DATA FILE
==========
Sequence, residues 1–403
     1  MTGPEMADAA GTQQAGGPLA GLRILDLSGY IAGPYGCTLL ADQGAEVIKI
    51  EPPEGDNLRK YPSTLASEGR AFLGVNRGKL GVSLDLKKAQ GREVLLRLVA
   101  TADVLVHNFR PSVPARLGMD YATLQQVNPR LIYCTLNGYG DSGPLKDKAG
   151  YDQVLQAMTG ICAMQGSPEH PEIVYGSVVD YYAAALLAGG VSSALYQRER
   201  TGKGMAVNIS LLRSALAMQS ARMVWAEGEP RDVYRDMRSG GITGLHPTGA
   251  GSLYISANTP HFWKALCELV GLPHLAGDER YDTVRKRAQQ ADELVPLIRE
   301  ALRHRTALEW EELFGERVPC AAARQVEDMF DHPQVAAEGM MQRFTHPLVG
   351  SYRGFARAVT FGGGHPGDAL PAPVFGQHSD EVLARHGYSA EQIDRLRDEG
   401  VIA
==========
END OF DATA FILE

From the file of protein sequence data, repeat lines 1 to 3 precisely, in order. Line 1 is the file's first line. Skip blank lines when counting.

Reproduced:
Sequence, residues 1–403
     1  MTGPEMADAA GTQQAGGPLA GLRILDLSGY IAGPYGCTLL ADQGAEVIKI
    51  EPPEGDNLRK YPSTLASEGR AFLGVNRGKL GVSLDLKKAQ GREVLLRLVA